Babies (Focus, PG)

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The fact that these are very expensive pseudo-home movies won’t be enough to redeem the film if you don’t have an almost infinite interest in the subject matter.

Your enjoyment of Thomas Balmes’ Babies, a documentary which follows four babies through their first year of life, will depend far more on what you bring to the film that what he’s put in it. If you heartily endorse the film’s tagline “Everyone loves [babies]” and have an interest in watching just about anyone’s baby sleep, drool, cry and do other baby-like things, then you’re squarely in the target market for this film. Add extra points if you think The Family of Man was the greatest photo exhibit eve,r and subtract points if maternal and infant nudity offends you (although if it does, I’m not sure how much you can really claim to love babies since they don’t come into the world wearing snugglies, nor is infant formula their natural food).

On the other hand, if the thought of sitting through what is essentially 90 minutes of home movies makes you want to claw your eyes out, then you’ll probably want to give this one a miss. The fact that these are very expensive pseudo-home movies beautifully shot (by Jerome Almeras, Frazer Bradshaw and Steeven Petitteville) and edited (by Reynald Bertrand and Craig McKay) with a calculated multi-culti angle probably won’t be enough to redeem the film if you don’t have an almost infinite interest in the subject matter.

Babies has four “stars”: Bayarjargal, born in Mongolia; Ponijao, born to the Himba tribe in Namibia; Mari, born in Tokyo, Japan; and Hattie, born in San Francisco. The film follows them from the final days of their mothers’ pregnancy through birth and the various milestones of (approximately) the first year, culminating in baby’s first steps. There’s lots of cross-cutting between the different locations as well as establishing shots (herds of goats thundering past; the Tokyo skyline), and the filmmakers include some quirky events (a goat drinking from the baby’s bath water; a rooster strutting across the baby’s bed) which have a wonderful “found” quality.
The film is almost without dialogue: The only words spoken are diegetic and those not in English are left untranslated. This was a wise decision on the part of the filmmakers because it produces the impression that we are simply present in the same space as the baby, observing whatever is taking place. Not surprisingly, the filmmakers have selected short, interesting and mostly happy moments (another wise move as well as a commercially calculating decision) for us to watch; we have no idea what got left on the cutting room floor, but that’s the power of the editing suite.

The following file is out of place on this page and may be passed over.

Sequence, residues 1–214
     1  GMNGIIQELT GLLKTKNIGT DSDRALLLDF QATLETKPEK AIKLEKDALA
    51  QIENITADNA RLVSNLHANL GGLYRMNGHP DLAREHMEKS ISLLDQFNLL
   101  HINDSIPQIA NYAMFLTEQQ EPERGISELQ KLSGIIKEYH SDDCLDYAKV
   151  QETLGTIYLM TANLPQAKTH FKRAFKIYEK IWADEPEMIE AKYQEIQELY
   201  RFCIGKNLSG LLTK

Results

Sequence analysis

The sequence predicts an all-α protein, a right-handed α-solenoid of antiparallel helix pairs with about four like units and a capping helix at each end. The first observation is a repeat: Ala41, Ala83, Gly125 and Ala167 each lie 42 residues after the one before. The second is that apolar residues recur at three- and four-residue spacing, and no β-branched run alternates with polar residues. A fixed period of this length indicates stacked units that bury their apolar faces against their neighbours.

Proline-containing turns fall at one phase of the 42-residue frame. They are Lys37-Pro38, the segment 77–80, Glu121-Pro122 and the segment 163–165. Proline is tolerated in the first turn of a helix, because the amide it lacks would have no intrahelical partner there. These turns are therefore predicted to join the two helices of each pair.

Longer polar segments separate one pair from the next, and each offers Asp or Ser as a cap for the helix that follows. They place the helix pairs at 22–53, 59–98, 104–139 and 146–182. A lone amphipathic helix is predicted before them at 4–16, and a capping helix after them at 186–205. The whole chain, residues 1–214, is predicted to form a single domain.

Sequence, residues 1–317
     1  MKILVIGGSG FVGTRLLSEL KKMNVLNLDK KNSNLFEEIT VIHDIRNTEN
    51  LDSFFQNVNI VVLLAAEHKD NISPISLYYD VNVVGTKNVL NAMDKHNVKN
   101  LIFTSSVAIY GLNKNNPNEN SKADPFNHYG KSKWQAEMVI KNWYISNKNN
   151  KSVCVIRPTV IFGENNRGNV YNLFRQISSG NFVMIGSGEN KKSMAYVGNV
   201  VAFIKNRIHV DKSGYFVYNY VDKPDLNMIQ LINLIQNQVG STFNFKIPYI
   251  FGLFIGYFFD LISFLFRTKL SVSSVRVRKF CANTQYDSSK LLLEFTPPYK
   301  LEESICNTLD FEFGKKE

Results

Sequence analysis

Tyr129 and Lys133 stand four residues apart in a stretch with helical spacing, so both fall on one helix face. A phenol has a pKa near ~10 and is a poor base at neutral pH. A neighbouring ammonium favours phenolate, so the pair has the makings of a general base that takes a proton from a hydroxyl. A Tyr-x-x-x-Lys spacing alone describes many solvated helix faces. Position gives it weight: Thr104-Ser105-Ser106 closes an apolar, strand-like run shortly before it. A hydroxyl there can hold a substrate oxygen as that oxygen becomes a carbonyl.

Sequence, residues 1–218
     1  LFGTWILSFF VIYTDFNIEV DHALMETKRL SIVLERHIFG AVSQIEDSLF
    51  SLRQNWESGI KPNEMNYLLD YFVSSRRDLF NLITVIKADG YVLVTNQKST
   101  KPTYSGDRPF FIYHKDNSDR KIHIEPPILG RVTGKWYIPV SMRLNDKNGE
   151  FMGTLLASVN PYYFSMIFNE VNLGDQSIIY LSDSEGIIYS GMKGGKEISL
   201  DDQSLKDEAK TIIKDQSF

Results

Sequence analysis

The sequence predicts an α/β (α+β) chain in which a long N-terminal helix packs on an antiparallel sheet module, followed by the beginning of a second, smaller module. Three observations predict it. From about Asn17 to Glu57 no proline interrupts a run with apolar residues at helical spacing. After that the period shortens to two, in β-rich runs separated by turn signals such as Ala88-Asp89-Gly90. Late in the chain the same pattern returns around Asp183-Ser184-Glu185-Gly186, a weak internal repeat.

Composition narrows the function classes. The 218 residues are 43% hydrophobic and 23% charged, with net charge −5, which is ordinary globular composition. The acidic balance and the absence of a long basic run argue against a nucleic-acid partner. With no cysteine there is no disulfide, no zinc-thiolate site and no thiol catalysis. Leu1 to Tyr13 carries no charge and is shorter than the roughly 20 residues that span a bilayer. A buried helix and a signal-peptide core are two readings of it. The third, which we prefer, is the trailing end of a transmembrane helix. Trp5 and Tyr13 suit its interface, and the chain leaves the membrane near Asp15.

The lack of context does bother me, however. It’s a normal human tendency to make judgments and draw inferences based on information presented to us, and the filmmakers invite this by implicit comparisons between, for example, the technology of an American hospital and the apparently more natural process of birth in Namibia. So I hope people will take the snippets of life presented on screen as just that: snippets selected to make a marketable film.
Having said that, I have a particular fondness for one sequence. Hattie is at some kind of baby-parent class where the leader is trying to get everyone to sing a new-agey song about how the earth is our mother. Apparently having more sophisticated musical tastes than the adults around her, she just gets up and leaves the circle, even trying to open a door although she is much too small to reach the handle, let alone push it open. Good for you, kid! I would have left, too.
Even if you aren’t wild about seeing Babies for its own sake, you may be interested in the film as a sociological phenomenon (if it does well, I wouldn’t be surprised to see sequels on the themes of “Kitties” and “Puppies,” and maybe “Mothers” and “Grandparents,” as well) and as a case study in how a certain type of cultural documentary is made. The filmmakers are quite forthcoming about their process, from “casting” the families to deciding what to include from 400 days worth of footage: you can read about it on the Focus Features website. You could also do an interesting study on people’s reactions to the film. How quick are they to judge the American mother as opposed to the other three? How worried are they about the flies which seem to be ever-present in the Namibia sequences? and so on. I guess I have to pay this much of a compliment to Thomas Balmes his crew: They’ve created a cultural document which is sure to be much discussed in the weeks and months to come. | Sarah Boslaugh
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